Before we get into the technical aspects of adding oxygen to the must, now is a good time to review the other part of the system, the phenomenon of oxidation-reduction and how it effects the chemical matrix of a wine. The term “Redox Potential” effectively refers to a wine’s state of balance between its level of off-smelling sulfur-based compounds (ex: H2S) and the amount of available oxygen. When present, oxygen beneficially counteracts these compounds. However, when a wine contains a higher amount of these negative sulfur-based compounds and not enough available oxygen to mitigate all of them, then by definition you have a reduced pool of oxygen from which the offending sulfur compounds could have been counteracted (but weren’t). This wine is then referred to as being “reduced.” Wines that are in this “reduced” state often have off-sulfur odour defects, so this term is usually used to denote a wine with these flaws. In addition to a wine’s aromas being adversely affected by off-smelling Volatile Sulfur Compounds (VSCs), mouthfeel is also negatively impacted. Negative VSCs aggravate the perception of pH and tannin, and can actually render a wine more aggressive and harsh when they are present.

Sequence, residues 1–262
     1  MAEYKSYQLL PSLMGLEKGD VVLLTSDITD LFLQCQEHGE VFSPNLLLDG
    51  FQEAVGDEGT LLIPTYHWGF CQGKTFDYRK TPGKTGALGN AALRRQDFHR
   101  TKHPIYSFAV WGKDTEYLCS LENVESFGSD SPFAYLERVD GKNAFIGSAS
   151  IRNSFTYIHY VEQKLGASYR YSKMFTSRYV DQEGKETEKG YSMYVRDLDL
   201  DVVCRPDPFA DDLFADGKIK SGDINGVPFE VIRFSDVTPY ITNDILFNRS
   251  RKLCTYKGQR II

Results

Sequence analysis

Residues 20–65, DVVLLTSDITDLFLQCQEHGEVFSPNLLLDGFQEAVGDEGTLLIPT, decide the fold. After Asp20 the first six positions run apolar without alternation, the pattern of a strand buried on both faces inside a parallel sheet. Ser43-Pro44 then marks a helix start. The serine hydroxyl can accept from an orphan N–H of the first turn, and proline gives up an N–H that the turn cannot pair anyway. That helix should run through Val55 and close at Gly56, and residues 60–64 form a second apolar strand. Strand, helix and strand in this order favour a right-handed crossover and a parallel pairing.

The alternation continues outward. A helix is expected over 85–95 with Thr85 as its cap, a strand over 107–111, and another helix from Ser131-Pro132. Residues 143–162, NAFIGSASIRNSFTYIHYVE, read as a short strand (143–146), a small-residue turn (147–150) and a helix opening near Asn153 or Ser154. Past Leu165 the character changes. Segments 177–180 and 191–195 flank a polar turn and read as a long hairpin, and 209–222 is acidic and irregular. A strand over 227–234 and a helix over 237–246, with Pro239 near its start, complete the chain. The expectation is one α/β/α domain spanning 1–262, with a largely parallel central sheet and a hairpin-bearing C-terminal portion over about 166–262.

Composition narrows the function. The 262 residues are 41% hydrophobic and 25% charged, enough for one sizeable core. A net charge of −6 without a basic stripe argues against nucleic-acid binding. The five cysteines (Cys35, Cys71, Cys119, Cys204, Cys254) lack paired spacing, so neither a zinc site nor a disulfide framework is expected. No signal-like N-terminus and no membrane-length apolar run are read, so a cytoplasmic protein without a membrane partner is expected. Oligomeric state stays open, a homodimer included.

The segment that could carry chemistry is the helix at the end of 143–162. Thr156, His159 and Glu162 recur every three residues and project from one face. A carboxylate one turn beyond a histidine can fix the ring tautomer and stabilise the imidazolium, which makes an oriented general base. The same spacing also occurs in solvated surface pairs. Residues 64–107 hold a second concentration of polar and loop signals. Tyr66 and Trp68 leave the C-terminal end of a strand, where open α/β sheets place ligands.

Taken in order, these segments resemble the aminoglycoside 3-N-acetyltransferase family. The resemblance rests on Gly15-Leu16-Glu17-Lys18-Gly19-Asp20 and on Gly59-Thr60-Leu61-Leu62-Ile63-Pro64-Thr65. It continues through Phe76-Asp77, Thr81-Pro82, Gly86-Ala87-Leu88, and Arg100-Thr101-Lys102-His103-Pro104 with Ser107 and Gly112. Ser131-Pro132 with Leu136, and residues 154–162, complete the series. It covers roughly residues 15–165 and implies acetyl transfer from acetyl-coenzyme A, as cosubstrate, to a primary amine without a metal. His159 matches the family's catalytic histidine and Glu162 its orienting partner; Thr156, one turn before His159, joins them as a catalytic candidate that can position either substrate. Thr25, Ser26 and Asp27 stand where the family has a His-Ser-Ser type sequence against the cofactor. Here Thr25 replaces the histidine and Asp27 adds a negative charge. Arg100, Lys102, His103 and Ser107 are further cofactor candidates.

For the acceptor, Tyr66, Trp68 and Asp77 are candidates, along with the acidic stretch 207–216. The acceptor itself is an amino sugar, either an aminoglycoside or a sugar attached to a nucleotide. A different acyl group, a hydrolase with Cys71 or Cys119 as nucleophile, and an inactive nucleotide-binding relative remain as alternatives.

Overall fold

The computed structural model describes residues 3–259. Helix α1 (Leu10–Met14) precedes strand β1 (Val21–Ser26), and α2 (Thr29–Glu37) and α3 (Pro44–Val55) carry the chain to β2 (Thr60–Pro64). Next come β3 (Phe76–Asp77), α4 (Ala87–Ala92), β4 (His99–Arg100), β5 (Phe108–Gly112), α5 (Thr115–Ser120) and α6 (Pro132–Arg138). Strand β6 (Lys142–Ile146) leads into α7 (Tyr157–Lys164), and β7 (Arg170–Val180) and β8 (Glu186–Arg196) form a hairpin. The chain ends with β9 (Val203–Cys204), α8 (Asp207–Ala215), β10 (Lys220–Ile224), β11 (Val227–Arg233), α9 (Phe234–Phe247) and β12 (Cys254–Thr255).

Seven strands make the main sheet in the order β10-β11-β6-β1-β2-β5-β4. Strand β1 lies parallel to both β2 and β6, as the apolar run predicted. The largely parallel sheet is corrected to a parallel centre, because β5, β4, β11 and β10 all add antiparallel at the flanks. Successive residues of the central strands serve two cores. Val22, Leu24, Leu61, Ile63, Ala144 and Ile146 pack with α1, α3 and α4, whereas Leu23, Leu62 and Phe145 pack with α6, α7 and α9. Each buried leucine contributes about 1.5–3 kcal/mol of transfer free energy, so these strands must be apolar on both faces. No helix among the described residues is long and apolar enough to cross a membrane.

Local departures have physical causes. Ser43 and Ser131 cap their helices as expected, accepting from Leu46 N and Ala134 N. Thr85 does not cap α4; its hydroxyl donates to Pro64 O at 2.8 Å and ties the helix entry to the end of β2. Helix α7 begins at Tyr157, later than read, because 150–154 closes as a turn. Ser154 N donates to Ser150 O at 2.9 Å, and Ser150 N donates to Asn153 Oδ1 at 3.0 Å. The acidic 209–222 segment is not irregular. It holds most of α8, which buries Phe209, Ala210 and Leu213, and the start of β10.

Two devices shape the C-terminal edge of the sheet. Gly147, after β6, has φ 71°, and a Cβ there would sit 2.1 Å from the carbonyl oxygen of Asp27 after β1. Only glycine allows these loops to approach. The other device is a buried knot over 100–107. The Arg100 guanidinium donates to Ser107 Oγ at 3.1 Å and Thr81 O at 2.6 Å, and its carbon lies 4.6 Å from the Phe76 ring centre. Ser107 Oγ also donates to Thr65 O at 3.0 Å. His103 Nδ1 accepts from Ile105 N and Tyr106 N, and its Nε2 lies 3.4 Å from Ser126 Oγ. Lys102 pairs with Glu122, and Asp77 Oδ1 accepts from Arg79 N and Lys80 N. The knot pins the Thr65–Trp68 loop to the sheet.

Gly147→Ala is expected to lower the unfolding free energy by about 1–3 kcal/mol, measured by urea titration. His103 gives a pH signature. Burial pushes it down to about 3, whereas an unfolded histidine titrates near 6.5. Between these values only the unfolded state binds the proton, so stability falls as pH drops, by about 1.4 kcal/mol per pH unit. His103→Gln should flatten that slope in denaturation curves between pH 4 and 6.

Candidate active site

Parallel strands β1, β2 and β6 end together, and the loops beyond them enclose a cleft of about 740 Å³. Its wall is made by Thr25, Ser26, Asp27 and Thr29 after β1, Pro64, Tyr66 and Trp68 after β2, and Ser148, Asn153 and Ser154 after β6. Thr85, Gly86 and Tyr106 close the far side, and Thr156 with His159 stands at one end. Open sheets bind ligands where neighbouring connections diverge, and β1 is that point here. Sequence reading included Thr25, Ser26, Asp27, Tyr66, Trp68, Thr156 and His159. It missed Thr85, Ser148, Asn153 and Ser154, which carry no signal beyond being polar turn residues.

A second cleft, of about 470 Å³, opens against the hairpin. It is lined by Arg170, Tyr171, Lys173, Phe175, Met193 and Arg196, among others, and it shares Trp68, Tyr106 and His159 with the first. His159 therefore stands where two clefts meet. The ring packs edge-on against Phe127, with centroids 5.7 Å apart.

It is important to note that not all VSC’s are bad. In fact many are quite desirable:
Oxygen, when added to the fermenting must helps to limit the impact of negative VSCs in two ways. The first, as mentioned above, by allowing the yeast to synthesize the fatty acids and sterols needed to keep their cell wall transport mechanisms healthy. This allows them to better cope with the stresses encountered during fermentation and therefore limits the amount of negative VSCs produced in the first place. Second, oxygen counteracts whatever amount of VSCs that may already be present by raising the redox potential of the wine. All fermentations produce sulfur-based compounds and it is not possible (or even desirable) to completely eliminate them from your winemaking. Rather, the goal is to try and limit the impact that the negative ones may have on your wine and oxygen can be a useful tool to help do just that.
Finally, as another positive chemical reaction, in addition to limiting the formation of off-sulfur compounds, oxygen has the added benefit of helping to stabilize color in a red wine. It does this by reacting with the alcohol in the must to form aldehydes, which in turn react with anthocyanin (blue pigment) and tannins to form more stable molecules. Tannins are also chemically changed through oxidative reactions and can evolve to become more complex and rounded.
Check out our complete guide to oxygen and fermentation here.
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